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MLB Trade Rumors: Why Keeping Aaron Harang Makes Sense for San Diego Padres

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MLB Trade Rumors: Why Keeping Aaron Harang Makes Sense for San Diego Padres
Hunter Martin/Getty Images

Aaron Harang’s name keeps rising to the surface with the July 31 non-waiver trade deadline fast approaching.

Harang, who picked up his ninth victory of the season Monday, is having a bit of a resurgence with the Padres this year, recording his highest win total since 2007 and the lowest ERA of his career.

Rumors have been swirling that multiple clubs have expressed an interest in San Diego’s righty starter, but it would be wise for the Padres to stand pat and look to re-sign the 10-year veteran.

Petco Park—the Padres' home field—and Harang go together like spaghetti and meatballs. Or, to borrow a phrase from "Big Daddy," maybe you prefer lamb and tuna fish? Either way, it is a match made in baseball heaven.

A fly-ball pitcher like Harang thrives when placed in a pitcher-friendly environment and becomes increasingly alarming to his ballclub when taking the hill in one of baseball’s hitter-orientated parks.

Surrendering fly balls on 38.6 percent of his balls in play, Harang trails only five National League starters in that category. His ground-ball-to-fly-ball ratio is the ninth lowest among NL starters who have thrown at least 1,000 pitches.

San Diego has always been home to Harang, who attended San Diego State before being drafted and signed by the Texas Rangers. He was subsequently traded to Oakland where he played sparingly before being dealt to Cincinnati, his home for eight up-and-down seasons.

Following two 16-win campaigns in 2006 and 2007, his win total nosedived to six for three-straight seasons, while his ERA ballooned to 5.32 in 2010.

So, what happened? As much as hurlers love the spaciousness of Petco, they despise the customary tendency of fly balls finding the bleachers at Cincinnati’s Great American Ball Park.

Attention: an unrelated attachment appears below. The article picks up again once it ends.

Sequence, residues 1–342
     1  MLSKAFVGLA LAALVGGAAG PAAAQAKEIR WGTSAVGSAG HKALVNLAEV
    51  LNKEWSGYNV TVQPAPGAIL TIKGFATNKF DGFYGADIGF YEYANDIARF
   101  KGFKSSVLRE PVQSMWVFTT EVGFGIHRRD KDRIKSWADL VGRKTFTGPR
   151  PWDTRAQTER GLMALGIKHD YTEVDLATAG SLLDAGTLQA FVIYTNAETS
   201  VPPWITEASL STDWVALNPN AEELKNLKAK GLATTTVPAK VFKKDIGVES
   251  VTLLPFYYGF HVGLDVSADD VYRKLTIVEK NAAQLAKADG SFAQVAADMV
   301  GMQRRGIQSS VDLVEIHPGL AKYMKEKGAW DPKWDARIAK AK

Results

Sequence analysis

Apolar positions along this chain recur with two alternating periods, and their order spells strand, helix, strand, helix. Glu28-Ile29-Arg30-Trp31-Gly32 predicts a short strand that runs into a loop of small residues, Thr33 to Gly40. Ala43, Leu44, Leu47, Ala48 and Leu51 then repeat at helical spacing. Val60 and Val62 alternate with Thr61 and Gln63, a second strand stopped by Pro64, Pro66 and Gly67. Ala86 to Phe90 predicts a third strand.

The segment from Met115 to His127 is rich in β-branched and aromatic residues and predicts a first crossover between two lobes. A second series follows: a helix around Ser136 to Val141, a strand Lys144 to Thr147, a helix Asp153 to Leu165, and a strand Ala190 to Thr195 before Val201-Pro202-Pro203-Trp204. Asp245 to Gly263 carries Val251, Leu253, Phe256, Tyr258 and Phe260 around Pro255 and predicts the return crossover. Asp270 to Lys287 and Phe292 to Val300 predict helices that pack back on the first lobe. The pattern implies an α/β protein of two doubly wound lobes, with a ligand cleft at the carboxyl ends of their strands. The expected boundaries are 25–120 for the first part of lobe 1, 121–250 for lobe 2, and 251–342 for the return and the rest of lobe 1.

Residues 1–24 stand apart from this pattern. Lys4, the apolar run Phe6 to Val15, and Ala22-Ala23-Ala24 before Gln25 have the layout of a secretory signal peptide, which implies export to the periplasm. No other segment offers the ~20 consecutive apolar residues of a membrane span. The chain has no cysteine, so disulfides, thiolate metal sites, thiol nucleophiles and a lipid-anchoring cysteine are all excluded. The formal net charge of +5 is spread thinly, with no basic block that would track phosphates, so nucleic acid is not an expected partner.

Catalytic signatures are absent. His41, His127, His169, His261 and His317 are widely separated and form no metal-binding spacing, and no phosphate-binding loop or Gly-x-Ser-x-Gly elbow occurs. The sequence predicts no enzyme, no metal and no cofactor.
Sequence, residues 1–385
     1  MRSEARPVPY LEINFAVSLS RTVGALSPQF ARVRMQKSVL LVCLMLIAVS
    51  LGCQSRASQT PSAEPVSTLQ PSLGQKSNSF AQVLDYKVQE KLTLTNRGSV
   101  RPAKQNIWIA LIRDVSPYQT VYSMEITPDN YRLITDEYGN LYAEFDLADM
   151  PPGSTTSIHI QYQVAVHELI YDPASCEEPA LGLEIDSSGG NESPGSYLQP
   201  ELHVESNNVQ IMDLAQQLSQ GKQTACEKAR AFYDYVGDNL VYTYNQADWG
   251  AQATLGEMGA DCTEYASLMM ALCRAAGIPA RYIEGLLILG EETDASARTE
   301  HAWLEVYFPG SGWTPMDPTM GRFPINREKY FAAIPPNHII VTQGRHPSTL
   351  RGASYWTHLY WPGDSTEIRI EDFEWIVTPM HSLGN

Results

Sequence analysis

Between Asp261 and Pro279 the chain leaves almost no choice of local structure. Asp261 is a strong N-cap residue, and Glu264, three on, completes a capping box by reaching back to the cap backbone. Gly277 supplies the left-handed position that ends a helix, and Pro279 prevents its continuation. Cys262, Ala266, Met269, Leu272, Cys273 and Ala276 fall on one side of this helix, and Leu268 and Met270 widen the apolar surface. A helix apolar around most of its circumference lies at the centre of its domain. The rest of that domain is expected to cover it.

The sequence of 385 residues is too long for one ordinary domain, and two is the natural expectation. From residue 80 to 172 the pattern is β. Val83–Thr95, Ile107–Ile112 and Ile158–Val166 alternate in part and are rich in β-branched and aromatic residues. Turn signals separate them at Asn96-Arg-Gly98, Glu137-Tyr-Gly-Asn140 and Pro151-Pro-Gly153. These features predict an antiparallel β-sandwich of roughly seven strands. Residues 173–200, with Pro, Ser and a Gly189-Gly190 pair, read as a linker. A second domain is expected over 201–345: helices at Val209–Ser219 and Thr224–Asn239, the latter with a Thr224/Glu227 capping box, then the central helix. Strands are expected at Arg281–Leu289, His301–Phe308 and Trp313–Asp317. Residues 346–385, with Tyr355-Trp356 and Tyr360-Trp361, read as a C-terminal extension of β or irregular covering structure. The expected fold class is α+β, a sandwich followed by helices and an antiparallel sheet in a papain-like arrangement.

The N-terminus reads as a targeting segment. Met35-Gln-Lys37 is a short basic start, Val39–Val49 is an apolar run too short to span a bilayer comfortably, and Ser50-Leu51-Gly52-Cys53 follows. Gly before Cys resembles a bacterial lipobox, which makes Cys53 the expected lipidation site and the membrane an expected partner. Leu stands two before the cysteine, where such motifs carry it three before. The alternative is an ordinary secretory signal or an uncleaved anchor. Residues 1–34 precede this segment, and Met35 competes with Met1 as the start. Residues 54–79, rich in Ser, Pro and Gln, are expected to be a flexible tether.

Park Factor is a tool used in baseball vernacular to discern between a team’s scoring ability in home versus road games. It helps access how a team or player’s performance is affected by park dimensions and quirks.

Great American Ball Park has the sixth-highest factor as of July 24, 2011, while Petco ranks 26th out of 30 major league fields.

Balls lofted into the outfield in Cincinnati make it over the fence on average 2.52 times per game, topping the NL and ranking third-highest in MLB. Only 1.06 long balls per game are being hit this year at Petco, the lowest average in baseball.

Harang’s home runs per nine innings of work peaked in 2008 at 1.71 and remained elevated until he removed his Reds uniform this year. In 2011, his HR/9 figure is 0.82. Not since his 2002 rookie season in Oakland—where he surrendered 0.80 HR/9 in 15 starts—has Harang allowed such depressed jack totals.

His fly-ball ratio has decreased a tad since 2010, but he is actually striking out batters less often. At 33, it appears Harang has finally found a surrounding that fits his pitching style: inducing contact, while keeping hitters off balance with a sturdy four-pitch repertoire.

Earning $3.5 million, Harang could be seeking a team-friendly multiyear deal that keeps him in his hometown for the remainder of his career as an effective starter. On the open market, there could be some competing suitors, but the bond being developed between player and franchise appears to be mutually ideal.

ESPN baseball columnist Jayson Stark tweeted Monday that the Padres have heard from multiple clubs on Harang, but now appear more inclined to work out a fresh deal with their starter. A package or player in return for Harang would likely include nothing more than a second-tier prospect, so the incentive to deal him remains muted.

It would not only be detrimental to my fantasy baseball playoff run for Harang to leave the generous dimensions of San Diego, but it would do the player and ballclub a disservice to remove his veteran presence from what will surely be a youthful rotation for some time.

All indications point to Harang staying put, and extending his stay in San Diego for a few more seasons.  

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